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Transportation Technology IT

Airlines Suffer Worldwide Delays After Global Booking System Fails (bloomberg.com) 74

rastos1 writes: Airlines worldwide were forced to delay flights Thursday as a global flight-bookings system operated by Amadeus IT Group SA suffered what the company called a "network issue." Major carriers including British Airways, Deutsche Lufthansa AG, Cathay Pacific Airways and Qantas Airways were among those reportedly impacted by the outage. Singapore's Changi airport said via Twitter that a technical issue affecting some operators was delaying the check-in process, with boarding passes having to be issued manually. "Amadeus confirms that, during the morning, we experienced a network issue that caused disruption to some of our systems," the Madrid-based company said in a statement. Technical teams took immediate action to identify the cause of the issue and services are "gradually being restored," it said.
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Airlines Suffer Worldwide Delays After Global Booking System Fails

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  • Good news. (Score:1, Funny)

    by msauve ( 701917 )
    I'm happy the slashdot IT team found new jobs so quickly.
    • Re:Good news. (Score:5, Informative)

      by computational super ( 740265 ) on Thursday September 28, 2017 @09:36AM (#55269243)
      I can't believe this hasn't even been addressed on Slashdot. The site was completely down for two days and they're trying to pretend like nothing happened.
      • by TechyImmigrant ( 175943 ) on Thursday September 28, 2017 @09:46AM (#55269313) Homepage Journal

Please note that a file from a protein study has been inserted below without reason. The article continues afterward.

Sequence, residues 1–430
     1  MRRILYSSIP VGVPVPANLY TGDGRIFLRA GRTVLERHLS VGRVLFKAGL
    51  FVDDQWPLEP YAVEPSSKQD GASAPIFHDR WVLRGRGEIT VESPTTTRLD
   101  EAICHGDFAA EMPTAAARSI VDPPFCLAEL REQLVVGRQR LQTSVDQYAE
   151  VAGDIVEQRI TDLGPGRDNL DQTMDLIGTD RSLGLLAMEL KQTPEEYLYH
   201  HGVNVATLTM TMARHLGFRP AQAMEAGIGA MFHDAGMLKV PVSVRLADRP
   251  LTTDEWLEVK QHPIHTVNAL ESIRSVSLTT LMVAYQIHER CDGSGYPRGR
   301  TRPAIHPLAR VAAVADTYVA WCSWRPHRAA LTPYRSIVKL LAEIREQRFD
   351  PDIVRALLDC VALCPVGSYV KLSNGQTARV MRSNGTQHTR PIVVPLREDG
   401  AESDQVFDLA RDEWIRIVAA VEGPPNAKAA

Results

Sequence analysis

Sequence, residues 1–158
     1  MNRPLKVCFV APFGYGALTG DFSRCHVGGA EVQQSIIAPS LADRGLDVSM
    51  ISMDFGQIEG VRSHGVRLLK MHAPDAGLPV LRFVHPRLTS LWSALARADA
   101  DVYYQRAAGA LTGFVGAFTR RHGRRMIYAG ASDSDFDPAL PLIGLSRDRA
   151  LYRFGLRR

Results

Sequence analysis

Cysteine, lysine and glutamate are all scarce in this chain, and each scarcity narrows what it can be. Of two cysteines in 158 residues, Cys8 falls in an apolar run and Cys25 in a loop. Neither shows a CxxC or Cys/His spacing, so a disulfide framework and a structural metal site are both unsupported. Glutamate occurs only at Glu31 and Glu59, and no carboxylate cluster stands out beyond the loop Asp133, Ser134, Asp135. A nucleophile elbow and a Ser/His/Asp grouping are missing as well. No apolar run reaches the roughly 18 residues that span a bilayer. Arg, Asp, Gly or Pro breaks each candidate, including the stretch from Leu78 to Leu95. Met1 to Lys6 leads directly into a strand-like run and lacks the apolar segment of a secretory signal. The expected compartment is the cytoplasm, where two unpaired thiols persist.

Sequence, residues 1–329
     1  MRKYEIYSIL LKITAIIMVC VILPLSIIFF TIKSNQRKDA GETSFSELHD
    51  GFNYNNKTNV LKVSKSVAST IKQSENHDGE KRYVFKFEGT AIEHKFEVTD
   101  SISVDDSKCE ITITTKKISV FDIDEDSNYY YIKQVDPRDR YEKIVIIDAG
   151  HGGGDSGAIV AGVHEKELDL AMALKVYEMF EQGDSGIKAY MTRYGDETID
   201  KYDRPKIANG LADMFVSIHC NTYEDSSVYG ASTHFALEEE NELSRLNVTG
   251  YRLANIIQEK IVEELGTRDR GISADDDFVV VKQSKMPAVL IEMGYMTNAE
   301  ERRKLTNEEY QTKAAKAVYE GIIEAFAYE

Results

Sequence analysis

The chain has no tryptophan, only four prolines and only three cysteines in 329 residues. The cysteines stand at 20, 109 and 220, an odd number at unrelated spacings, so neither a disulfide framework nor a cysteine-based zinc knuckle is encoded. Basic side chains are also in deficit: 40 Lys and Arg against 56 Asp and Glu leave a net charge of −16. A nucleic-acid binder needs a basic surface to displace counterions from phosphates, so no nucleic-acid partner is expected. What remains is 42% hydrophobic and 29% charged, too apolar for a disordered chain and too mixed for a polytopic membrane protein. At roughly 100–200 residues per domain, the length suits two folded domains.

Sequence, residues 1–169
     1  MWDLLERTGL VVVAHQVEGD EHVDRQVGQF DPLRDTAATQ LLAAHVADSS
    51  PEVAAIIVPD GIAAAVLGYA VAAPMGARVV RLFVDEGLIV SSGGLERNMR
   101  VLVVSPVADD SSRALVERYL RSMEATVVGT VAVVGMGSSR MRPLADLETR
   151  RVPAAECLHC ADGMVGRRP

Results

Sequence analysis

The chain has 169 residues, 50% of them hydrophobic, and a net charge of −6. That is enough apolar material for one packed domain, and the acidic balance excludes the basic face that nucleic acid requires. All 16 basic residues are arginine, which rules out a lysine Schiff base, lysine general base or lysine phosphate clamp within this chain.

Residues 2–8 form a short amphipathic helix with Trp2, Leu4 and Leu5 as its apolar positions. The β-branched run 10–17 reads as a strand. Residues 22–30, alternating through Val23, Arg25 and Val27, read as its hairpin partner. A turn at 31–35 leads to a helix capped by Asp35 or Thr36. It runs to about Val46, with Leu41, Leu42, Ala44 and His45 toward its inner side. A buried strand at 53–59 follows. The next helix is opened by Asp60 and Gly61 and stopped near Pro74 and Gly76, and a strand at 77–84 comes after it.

I can't believe this hasn't even been addressed on Slashdot. The site was completely down for two days and they're trying to pretend like nothing happened.

        But putting the servers back to work hosting slashdot seems to have borked the airline booking service.

      • by Anonymous Coward

        I doubt that. It's obvious that Slashdot shit the bed. They're probably [still] scrambling to figure out what went wrong, and what to fix first. Sourceforge went down too. According to reports "equipment was fried" - which usually means "just reboot" and "restore from backup" is out of the question. Given the nature of SF, I'd bet that was given priority over Slashdot. It's probably a frantic, understaffed scramble that involves emergency purchases and a sudden, unplanned, total migration of *multiple* pro

        • by jafiwam ( 310805 )
          SD seems to have lost data. The user interface here looks like it did while they were still futzing with it after the purchase. They lost front end HTML and CSS / Script files it seems like.
      • I was wondering when that was going to be discussed. I have not heard any information on what happened and the root cause of the site intermittent availability.
  • by 140Mandak262Jamuna ( 970587 ) on Thursday September 28, 2017 @09:17AM (#55269133) Journal
    In my software engineering course, back in the grad school, the SABRE airline reservation system was a case study. Supposed to be a text book example of how to implement and mange the life cycle of complex software systems. I still have the book Software Engineering by Shooman.